Glock 20 Gen-4 Mods Part II

Posted: October 8, 2013 in Product Reviews
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This is a quick update on the second round of modifications to my Gen-4 Glock 20.  Previously, I focused on the two best-known Glock shortcomings – the sights and trigger. Since I intended this firearm to take on more of an outdoor/hiking/long road trip (and possibly handgun hunting) defensive role, I chose the thin Dawson Precision front sight that favors quick target acquisition over pinpoint accuracy.

The main modification in this round was the barrel.  I have nothing against the stock, Glock barrel, but I did want an extended, threaded barrel that could be used for handgun hunting.  The ability to shoot hardcast rounds  more accurately and possibly screw on a can are big features.  If I pick up any other advantages from the barrel, then it’s icing on the proverbial cake.

I asked both T.R. Graham and Mike Caylor of Caylor Customs (who did the mods) what aftermarket barrel they would choose for a Glock and the first words out of both their mouths were Barsto.  So, I ordered a Barsto extended, threaded barrel for the G20.

Barsto advertises 8-10 weeks for delivery.  It took thirteen weeks to arrive.  Then, after a month of waiting for my turn at the gunsmith (after leaving the firearm with them), I went through another month or so of setbacks and waiting for the proper .40 chamber reamer to arrive (theirs needed to be replaced) before the barrel could be fit.  So, I was without my pistol for 2 1/2 months.  Ugh.

The barrel extends 7/8″ and increases the overall length to nearly 9″ (although that’s a bit difficult to see from this sucky camera photo).  Total barrel length is barely under 5.5″.


Caylor Customs also crowned the barrel and put some serious love into the feed ramp.g20-2


It’s a bit difficult to see, but they modified the extractor claw and the ejector.  I’ve watched the RSO’s at Eagle Gun Range shoot several rounds and it really throws brass way up and to the right.  I often have to pick up my brass well behind the person at the station to my right. Definitely no BTF issues 🙂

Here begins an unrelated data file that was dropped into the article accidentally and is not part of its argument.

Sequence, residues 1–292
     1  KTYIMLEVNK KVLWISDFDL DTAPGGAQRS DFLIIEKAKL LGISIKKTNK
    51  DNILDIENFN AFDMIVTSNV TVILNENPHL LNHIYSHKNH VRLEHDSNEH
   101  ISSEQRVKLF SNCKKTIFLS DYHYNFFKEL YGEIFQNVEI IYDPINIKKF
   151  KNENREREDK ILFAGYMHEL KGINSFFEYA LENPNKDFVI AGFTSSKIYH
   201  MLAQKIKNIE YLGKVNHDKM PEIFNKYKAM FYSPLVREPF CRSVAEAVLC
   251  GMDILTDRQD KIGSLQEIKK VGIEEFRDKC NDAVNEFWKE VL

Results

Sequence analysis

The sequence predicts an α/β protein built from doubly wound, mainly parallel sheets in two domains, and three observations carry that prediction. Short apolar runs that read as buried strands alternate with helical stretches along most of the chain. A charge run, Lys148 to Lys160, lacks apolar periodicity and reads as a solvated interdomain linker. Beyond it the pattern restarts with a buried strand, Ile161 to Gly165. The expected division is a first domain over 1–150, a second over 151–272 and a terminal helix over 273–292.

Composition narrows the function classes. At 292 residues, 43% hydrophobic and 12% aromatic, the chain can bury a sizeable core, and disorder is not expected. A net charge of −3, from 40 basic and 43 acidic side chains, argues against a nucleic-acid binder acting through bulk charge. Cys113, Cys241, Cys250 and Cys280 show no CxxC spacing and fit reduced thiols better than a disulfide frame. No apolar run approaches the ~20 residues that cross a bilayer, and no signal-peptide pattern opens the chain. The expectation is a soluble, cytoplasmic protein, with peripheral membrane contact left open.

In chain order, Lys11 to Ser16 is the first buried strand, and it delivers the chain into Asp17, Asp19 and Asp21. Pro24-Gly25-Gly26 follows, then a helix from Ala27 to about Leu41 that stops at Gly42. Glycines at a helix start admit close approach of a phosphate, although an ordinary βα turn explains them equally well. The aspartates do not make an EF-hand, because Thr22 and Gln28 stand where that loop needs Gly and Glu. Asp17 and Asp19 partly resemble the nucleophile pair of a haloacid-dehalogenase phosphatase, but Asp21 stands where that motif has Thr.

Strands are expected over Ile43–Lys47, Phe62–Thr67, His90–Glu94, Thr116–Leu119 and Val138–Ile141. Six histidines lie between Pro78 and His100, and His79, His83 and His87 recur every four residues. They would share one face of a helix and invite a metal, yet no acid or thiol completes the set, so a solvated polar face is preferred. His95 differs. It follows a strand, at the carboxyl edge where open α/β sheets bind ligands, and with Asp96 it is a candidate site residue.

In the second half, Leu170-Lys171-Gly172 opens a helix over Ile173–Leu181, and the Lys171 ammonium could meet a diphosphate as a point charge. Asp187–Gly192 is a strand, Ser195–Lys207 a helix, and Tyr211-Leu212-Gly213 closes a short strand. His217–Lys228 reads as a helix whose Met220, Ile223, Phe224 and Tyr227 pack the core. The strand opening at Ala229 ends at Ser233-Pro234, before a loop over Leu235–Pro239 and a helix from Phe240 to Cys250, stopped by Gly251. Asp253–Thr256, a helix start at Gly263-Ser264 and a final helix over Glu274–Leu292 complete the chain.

They also filled the opening the the back of the grip.  This is helpful since I often kick up dust and debris when hiking.  Unlikely to ever cause a problem, but there is that law named after someone called Murphy (and it was an inexpensive mod).


I’ve shot a mix of 155gr Barnes-X, 180gr FMJ from AmmoKan and Good To Go Ammo, and some 200gr PMC FMJ since receiving the gun back from Caylor Customs.  The feel of the barrel is superb and there have been zero issues in over 200 rounds since the mods.

Accuracy?  That seems to be the thing with aftermarket barrels.  Hickock45 showed that that is a definite accuracy improvement when shooting hardcast rounds and I’ll take that for handgun hunting.  Both T.R. Graham and Mike Caylor stated that there is a tendency for stock Glocks to shoot left.  Generally, when I shoot left, it’s a tendency to put too much right hand into the trigger squeeze (a downside of being a tennis player).  So, I’ll put those shots on me and not the barrel.  I have not seen this tendency illustrated via actual experiment or quantified as to how much further left the stock barrel shoots at any distance.

I just purchased a stand, so one day I may try to determine whether there is an intrinsic accuracy improvement in the Barsto for non-hardcast rounds.  I do love the feel of the gun and that counts for a lot.  I’ll focus more on my shooting technique for basic accuracy improvements in the mean time.

I had not shot the gun for nearly three months before taking it to Eagle Gun Range for 100-round session.  It took me a bit of time to get used to the trigger again.  I shot 50 rounds from 10 yards in strings of 3 or 5, alternating between right-hand and two-hand holds, all unsupported.

I tend to push a bit when shooting single-handed, so two clusters were developing on the target after the first 50 rounds.  For the final 50, I moved the target to 12 yards and shot controlled pairs at each cluster, all two-handed.  I did let the RSO have two shots and he took the eyes out of the Zombie Alien.  It’s nice to have such capable backup readily available for the Zombie Apocalypse 🙂


The inner ring is 5 1/4 x 4 3/4 ” and the equipment is clearly more accurate than I am.  The biggest challenge since being without the gun for so long has been getting used to the trigger after shooting my FNX 45 Tactical (review coming soon) for so long 🙂

With the extended barrel, the G20 now fits perfectly in my Kangaroo Carry Air Marshal 3 holster without having to mod the holster.  I have another option (review coming soon as well) for carry in the 11 o-clock position for hiking or long road trips that allows the gun to carry comfortably underneath my hiking vest (and in between backpack straps).

Thanks for stopping by Texas Gun Show Review.

– Diligencia, Vis, Celeritas

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